Microfinance Company Connects Lenders, Clients Through Internet

Veasna Prum just received $1,200 to repair and upgrade his home in Phnom Penh’s Dang­kao district. Part of the loan that covered the cost of his renovation came from a university student in the US who learned about Cambo­d­ia when her sister traveled here in March.

“Immediately after reading [my sister’s] e-mail, I went to kiva.org and searched for Cambodia,” Marcella Fedrigo, a 27-year-old graduate student at the University of Maryland, said by e-mail last week.

On Kiva’s Web site, Fedrigo saw photographs of several dozen poor Cambodians seeking loans varying in size from $25 to $1,200, from fish farmers to moto­dops to market vendors.

Kiva, which means “unity” in Swa­hili, is a California-based company allowing ordinary people to lend money to other ordinary people in developing countries via the Internet.

Since 2005, Kiva has facilitated $25 million in micro-loans between average people around the globe.

Based on what she saw on Kiva’s Web site, Fedrigo decided to give three loans right away. She used her credit card to pay $150 to Kiva, who forwarded the loan to Cam­bodian microfinance in­sti­tution Maxima, who then collected the money and brought it on a mo­ped to Veasna Prum, who lives in Dangkao commune’s Moal village in Kandal province’s Dang­kao district.

“It’s sort of just another example of, ‘Oh, small world,’” said Fedrigo’s sister Carla, who was still traveling through Cambodia late last month and was able to swing through Kan­­dal to visit Veasna Prum after he received his loan from her sister in the US.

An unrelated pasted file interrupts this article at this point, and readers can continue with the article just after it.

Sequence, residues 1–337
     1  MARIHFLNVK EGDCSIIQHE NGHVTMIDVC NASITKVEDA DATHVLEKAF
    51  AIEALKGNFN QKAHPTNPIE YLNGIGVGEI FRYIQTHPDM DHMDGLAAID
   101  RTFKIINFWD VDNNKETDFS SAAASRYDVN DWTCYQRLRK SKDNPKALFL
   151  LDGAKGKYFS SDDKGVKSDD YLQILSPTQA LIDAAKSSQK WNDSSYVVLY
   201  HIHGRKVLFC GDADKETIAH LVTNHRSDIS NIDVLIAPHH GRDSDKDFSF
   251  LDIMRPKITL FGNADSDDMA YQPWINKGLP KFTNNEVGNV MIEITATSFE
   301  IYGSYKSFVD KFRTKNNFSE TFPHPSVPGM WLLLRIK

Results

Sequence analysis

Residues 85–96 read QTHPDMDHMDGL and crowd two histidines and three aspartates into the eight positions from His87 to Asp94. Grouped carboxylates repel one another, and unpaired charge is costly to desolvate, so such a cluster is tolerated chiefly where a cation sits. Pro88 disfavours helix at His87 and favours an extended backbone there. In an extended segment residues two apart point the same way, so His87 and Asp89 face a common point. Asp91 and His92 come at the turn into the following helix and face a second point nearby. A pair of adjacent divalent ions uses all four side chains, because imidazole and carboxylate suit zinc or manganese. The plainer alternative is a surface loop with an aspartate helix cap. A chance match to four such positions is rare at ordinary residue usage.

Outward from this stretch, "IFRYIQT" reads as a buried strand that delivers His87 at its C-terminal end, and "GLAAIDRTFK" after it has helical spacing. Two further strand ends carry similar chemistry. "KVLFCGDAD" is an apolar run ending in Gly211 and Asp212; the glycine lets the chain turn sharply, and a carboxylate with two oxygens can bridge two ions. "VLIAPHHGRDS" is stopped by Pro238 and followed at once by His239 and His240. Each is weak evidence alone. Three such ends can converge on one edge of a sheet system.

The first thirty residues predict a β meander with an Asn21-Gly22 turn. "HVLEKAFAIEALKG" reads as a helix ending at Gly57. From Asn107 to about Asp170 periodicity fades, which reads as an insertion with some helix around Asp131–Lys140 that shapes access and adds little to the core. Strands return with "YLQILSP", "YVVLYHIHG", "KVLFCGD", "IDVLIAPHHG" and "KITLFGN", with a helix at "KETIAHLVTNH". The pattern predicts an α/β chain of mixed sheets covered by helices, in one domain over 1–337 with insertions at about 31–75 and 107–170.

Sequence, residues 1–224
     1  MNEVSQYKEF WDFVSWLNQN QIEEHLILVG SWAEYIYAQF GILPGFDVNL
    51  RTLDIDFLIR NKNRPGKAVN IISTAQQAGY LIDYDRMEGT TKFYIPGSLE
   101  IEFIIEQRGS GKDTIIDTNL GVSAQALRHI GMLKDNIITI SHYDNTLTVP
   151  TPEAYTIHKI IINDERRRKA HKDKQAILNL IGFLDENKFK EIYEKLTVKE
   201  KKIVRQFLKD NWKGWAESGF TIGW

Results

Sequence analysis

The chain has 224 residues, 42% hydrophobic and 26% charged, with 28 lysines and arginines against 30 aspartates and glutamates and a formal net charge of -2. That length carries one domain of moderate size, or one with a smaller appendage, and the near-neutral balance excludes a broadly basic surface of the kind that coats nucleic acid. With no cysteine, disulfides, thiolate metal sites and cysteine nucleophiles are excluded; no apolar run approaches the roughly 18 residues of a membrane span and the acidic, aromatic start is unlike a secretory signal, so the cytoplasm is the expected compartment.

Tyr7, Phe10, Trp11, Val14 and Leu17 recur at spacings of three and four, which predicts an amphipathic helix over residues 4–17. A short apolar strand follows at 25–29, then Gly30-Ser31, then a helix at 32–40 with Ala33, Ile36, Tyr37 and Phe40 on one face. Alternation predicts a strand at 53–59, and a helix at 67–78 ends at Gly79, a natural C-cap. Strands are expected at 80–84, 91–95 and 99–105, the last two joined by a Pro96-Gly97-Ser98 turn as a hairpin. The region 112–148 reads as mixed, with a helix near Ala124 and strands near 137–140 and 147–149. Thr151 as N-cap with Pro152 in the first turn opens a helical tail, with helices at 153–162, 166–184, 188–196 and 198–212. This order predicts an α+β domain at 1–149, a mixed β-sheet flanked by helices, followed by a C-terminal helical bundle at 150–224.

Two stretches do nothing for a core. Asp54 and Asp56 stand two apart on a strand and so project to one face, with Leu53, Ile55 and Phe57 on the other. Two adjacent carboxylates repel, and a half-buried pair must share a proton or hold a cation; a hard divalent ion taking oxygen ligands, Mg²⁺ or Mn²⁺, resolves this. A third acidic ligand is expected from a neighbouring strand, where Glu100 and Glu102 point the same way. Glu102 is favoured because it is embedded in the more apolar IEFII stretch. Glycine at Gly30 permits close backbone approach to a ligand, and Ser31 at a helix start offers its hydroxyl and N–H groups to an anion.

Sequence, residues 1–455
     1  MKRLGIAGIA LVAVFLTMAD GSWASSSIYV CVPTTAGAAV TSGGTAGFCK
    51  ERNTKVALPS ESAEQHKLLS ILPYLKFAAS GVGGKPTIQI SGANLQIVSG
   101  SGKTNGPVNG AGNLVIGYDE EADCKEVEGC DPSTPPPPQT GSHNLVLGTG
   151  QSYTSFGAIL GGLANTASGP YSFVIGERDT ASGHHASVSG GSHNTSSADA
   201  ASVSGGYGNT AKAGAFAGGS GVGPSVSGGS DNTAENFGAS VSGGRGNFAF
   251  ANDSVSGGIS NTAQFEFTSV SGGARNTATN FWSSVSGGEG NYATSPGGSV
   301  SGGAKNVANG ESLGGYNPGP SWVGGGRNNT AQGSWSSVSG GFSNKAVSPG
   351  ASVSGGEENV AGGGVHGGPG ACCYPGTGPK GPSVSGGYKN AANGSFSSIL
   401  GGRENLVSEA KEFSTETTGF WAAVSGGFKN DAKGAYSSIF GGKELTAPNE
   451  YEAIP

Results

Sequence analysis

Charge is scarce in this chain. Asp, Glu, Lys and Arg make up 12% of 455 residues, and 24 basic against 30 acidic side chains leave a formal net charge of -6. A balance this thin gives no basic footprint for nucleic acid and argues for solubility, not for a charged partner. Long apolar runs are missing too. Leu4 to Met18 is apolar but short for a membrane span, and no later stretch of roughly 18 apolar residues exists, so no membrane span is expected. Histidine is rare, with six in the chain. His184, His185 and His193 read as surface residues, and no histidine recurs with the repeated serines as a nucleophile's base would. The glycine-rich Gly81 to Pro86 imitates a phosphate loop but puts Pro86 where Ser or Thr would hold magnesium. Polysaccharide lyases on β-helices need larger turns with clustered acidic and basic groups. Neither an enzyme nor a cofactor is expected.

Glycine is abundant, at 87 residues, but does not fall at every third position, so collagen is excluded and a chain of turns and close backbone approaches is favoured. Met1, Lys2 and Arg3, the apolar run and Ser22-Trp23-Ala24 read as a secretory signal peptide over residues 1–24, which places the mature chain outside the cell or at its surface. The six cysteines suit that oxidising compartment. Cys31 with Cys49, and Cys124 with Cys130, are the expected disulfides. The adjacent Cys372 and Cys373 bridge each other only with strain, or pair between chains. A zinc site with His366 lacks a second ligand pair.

Maxima’s CEO, Uong Kimseng, said Kiva’s low default rate of 0.1 percent, plus publicity from people like US television host Oprah Win­frey, contribute to Kiva’s growing activity in Cambodia.

“Kiva is the bridge to help len­ders and clients mix together,” Uong Kimseng said.

Veasna Prum is one of many Cambodian clients to receive part of about $2 million in Kiva-facilitated loans since 2006. And Marcela Fredrigo is one of hundreds of thousands of people from around the world to provide an interest free loan through Kiva.

Four local MFIs—Maxima, Credit, Hattha Kaksekar Limited and Ang­kor Mikroheranhvatho—are among 80 institutions from 42 countries to link up with Kiva since its founding in 2005.

Credit, which is based in Phnom Penh, has posted the photographs and loan requests of more than 200 Cambodian clients on Kiva’s Web site every month since June 2006.

Credit’s General Manager Chan Mach said that he hired two additional staff members whose sole job is to post the 200 new clients onto the Kiva Web site every month.

But Kiva loans aren’t right for every MFI. To get involved, one must be a member of the Micro­finance Information ex­change, be audited annually and meet certain levels of performance, governance and risk, Maxima’s Uong Kimseng said.

Within 12 months, Veasna Prum is expected to pay back his total loan of $1,200, plus approximately 24 percent annual interest to Maxima.

Yet as Kiva warns, his loan faces the risks of currency de­valuation, natural disaster and political unrest, and a change in government policy may make it difficult to collect loans.

This doesn’t bother Marcella, who said that getting back the $150 isn’t as important as lending a hand to developing nations.

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